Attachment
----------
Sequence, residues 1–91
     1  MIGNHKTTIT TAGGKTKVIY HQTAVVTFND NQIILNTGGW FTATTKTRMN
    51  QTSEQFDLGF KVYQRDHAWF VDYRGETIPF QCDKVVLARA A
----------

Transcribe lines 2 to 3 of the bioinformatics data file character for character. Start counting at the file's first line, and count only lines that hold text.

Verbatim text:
     1  MIGNHKTTIT TAGGKTKVIY HQTAVVTFND NQIILNTGGW FTATTKTRMN
    51  QTSEQFDLGF KVYQRDHAWF VDYRGETIPF QCDKVVLARA A